Phillip Kite – Ingham

by bqmedia on October 1, 2021

Phillip said it was very humbling but also very exciting to have been selected for the north team. “I went to the event last year to support the local players and thought ‘how good would this be to be out there playing’ and this year it’s my turn!”

Phillip has been playing bowls for about half of his life after having his first roll up at the age of 27. “At university we had a social carpet bowls competition which I enjoyed, so when I ended up living a few metres from Pine Rivers Bowls Club a couple of years later, I wondered how I would go on a proper size rink.” He signed up, played three games but was transferred to Rockhampton which is where he started to get serious about the game.

His most memorable bowls moment was winning the The Dunn Cup for Ingham for the first time in 17 years. “Being awarded the Ren Cantatore Shield for player of the final was also very humbling.”

Phillip says he would love to play in the Australian Open again (he’s played twice before) and go deep into the knockout rounds. “I want to continue playing at a high level and keeping the younger guys honest!”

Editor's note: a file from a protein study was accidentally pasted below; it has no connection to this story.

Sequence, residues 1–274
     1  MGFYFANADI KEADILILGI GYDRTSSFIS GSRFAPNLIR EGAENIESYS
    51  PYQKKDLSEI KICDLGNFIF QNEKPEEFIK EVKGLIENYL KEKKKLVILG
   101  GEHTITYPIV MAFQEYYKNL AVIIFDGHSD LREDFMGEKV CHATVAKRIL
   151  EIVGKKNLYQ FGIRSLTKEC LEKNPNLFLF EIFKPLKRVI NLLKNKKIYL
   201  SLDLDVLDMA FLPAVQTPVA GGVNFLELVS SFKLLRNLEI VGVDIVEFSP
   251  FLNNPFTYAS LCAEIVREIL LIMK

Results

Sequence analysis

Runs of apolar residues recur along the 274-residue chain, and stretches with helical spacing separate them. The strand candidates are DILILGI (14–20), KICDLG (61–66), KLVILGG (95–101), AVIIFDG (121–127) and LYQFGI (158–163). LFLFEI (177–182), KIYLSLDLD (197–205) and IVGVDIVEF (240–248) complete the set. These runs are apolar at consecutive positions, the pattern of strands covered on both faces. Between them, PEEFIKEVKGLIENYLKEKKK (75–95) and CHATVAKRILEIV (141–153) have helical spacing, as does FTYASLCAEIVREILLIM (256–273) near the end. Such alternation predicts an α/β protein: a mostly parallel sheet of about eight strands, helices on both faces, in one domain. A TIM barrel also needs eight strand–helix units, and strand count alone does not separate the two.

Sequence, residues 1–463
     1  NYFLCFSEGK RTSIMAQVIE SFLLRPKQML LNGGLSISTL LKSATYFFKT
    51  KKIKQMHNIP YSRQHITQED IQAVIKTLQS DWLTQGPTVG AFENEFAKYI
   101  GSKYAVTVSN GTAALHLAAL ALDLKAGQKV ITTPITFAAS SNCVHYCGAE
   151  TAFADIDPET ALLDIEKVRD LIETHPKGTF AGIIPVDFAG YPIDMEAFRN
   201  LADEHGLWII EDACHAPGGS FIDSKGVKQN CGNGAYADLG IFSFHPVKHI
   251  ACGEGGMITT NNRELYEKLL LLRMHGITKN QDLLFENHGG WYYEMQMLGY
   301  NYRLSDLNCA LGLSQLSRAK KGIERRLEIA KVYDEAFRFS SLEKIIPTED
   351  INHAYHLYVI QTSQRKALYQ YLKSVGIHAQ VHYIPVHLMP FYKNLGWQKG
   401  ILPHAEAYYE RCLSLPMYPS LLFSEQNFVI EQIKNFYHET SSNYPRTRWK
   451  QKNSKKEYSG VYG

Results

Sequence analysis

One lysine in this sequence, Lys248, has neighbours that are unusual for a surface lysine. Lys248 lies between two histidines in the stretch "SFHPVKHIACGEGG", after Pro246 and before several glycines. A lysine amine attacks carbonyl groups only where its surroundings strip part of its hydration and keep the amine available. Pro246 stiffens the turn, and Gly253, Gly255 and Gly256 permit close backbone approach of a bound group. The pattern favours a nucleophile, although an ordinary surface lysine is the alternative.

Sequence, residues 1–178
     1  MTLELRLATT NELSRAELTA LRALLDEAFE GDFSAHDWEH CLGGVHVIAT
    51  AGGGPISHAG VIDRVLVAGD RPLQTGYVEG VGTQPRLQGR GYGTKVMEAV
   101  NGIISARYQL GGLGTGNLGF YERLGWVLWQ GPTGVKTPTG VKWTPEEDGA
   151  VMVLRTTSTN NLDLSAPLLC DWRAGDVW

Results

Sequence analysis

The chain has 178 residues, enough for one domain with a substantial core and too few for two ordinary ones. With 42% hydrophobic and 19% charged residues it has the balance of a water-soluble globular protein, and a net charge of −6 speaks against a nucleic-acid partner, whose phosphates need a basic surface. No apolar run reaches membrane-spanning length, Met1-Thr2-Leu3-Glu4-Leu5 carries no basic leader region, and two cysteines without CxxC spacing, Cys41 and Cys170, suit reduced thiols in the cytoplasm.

Alex Marshall is his international bowls hero, as Phillip says his ability to perform in the big moments is just amazing. However, his local bowls hero is living NQ legend Ren Cantatore. “Ren’s record is incredible with a career of more than 50 years and still growing strong; I am not sure if any bowler has won more club singles titles (28 at last count)!” His good mate Rod Graf, who in the early days took him under his wing in Rockhampton, is also his mentor.

He’d like to see new bowlers start playing at a younger age. “Once you get started, practise, practise, practise and really analyse your games; look at some of the successful bowlers and study their deliveries to help fast track your game.”

If he could make one wish for bowls in Australia, it would be to have the greens full and the smaller country clubs flourishing with a high proportion of younger bowlers. “I believe getting school programs up and running is a critical element, as is shaking off the image of bowls being an old person’s game.”